Polls are showing that education is the hands-down most important issue for voters heading to the polls later this month.
The gubernatorial candidates — state Treasurer Rob McCord, former Department of Environmental Protection Secretary Katie McGinty, U.S. Rep. Allyson Schwartz, and York businessman Tom Wolf — agree on most education-related issues.
All four want to increase early childhood education programs, enact tougher reforms on the charter school sector, and re-evaluate the formula for distributing state aid. They also have specific proposals that set them apart from one another.
Click on the audio player to hear WHYY’s Dave Davies discuss the candidates’ educaiton platforms with Kevin McCorry
“On announcement day, I didn’t talk about 20 issues. It was all about education, education, education,” said McCord, who would earmark an additional $220 million a year for early-childhood learning.
Wolf is calling for a moratorium on new cyber-charters and says he’d specifically create an office for greater charter school oversight.
“What we have to be against is charter schools that are unaccountable,” said Wolf, “and charter schools that are being funded to the extent of this $300 million to $400 million of excess that’s leaking out of our public school system.”
McGinty would limit class size to 25 students.
But with four distinct yet ambitious education agendas in contention, the candidates have rallied around a tax on Marcellus Shale natural gas drilling to pay for their ideas.
McCord wants a 10 percent tax, the largest of all the candidates, and says he’d use $1.3 billion out of an estimated $1.6 billion in revenue for education. Schwartz and Wolf both want a 5 percent tax.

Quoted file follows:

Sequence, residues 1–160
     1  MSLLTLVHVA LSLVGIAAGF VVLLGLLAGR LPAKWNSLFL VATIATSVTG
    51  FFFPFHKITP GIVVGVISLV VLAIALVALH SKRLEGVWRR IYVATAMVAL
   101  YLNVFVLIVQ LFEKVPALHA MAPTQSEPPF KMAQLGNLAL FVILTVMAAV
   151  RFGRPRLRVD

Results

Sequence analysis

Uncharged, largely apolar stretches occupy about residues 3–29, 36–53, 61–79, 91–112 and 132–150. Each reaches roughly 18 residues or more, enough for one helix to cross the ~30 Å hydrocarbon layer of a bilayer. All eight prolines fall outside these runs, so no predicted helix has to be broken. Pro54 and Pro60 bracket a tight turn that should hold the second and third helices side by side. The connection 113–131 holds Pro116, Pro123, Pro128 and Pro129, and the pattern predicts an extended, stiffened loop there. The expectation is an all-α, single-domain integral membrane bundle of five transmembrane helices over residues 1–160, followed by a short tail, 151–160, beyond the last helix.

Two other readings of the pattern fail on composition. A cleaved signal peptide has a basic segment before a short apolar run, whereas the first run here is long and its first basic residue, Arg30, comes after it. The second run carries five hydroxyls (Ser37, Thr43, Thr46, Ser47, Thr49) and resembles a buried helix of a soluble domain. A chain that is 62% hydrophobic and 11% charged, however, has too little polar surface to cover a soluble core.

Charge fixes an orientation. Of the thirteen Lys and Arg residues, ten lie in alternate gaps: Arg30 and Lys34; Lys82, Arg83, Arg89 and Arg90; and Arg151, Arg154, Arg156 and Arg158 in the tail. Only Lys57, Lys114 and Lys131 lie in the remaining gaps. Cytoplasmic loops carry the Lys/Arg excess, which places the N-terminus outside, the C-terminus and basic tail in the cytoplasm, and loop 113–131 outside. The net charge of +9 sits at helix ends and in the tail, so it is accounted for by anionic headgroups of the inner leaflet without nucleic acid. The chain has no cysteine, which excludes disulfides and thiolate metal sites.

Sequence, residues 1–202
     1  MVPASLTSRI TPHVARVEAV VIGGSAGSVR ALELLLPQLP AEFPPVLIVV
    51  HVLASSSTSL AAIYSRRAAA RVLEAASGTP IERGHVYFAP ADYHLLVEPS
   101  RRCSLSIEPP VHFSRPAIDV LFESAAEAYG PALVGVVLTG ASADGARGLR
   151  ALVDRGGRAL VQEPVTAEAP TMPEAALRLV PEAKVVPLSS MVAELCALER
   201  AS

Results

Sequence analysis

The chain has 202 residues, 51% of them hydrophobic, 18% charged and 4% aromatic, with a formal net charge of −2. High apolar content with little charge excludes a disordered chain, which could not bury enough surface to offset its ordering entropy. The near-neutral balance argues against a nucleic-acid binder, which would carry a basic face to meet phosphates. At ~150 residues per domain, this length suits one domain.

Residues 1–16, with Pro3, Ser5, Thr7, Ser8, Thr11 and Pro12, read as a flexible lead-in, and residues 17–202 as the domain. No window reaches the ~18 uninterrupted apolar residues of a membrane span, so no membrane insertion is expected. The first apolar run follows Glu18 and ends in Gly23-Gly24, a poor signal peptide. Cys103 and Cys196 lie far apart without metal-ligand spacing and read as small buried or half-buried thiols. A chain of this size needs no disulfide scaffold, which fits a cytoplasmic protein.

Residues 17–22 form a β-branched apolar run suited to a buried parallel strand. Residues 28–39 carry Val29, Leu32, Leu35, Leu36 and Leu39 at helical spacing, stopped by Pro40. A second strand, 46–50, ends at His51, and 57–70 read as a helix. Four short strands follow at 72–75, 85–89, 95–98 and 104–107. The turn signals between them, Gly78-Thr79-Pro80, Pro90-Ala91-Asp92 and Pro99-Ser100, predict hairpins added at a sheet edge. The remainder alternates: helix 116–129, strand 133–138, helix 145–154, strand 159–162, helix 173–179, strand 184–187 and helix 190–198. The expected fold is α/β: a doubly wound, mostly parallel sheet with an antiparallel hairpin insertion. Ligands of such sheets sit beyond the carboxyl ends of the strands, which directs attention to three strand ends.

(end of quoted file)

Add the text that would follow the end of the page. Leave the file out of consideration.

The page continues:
McGinty stands out here. Although her planned tax of 4.5 percent on drillers isn’t the largest, she’d send all of the proceeds to schools.
“We have to do that,” she said. “We can’t squander the Republican and Democratic bipartisan support I know we can generate to win those dollars if on Monday it’s for education, but Tuesday it’s for infrastructure.”
A tax on fracking, which Gov. Tom Corbett has stayed away from, would also help replenish what the candidates say was a billion-dollar cut to the education budget under Corbett. But the governor says the state’s funding for education has never been higher.
So who’s right?
“Corbett’s math counts dollars budgeted for things like the teacher pension system,” said WHYY’s education reporter Kevin McCorry. “The Democratic candidates, though, point to the decline of actual dollars spent in classrooms, which, yes, between Gov. Rendell’s last year and Corbett’s first year dropped by a billion dollars.”
But as much as education is a numbers game in Pennsylvania, the candidates have also been invoking their personal narratives throughout the campaign.
Wolf says that his two daughters thrived in York County’s second-poorest school district, thanks to hard-working teachers and staff. McCord, who earned the endorsement of PSEA, the state’s largest teachers union, received much of his education in the Lower Merion School District. McGinty, a graduate of St. Hubert’s in Northeast Philadelphia, positions herself as a political outsider from humble roots.
Schwartz, whose mother and two sons also attended school in Philadelphia, touts her political background as proof that she’d be able to follow through on her promises. “What sets me apart is my experience and leadership and having gotten things done on education,” Schwartz said. “It’s not just a policy for me. This is work that I’ve done.”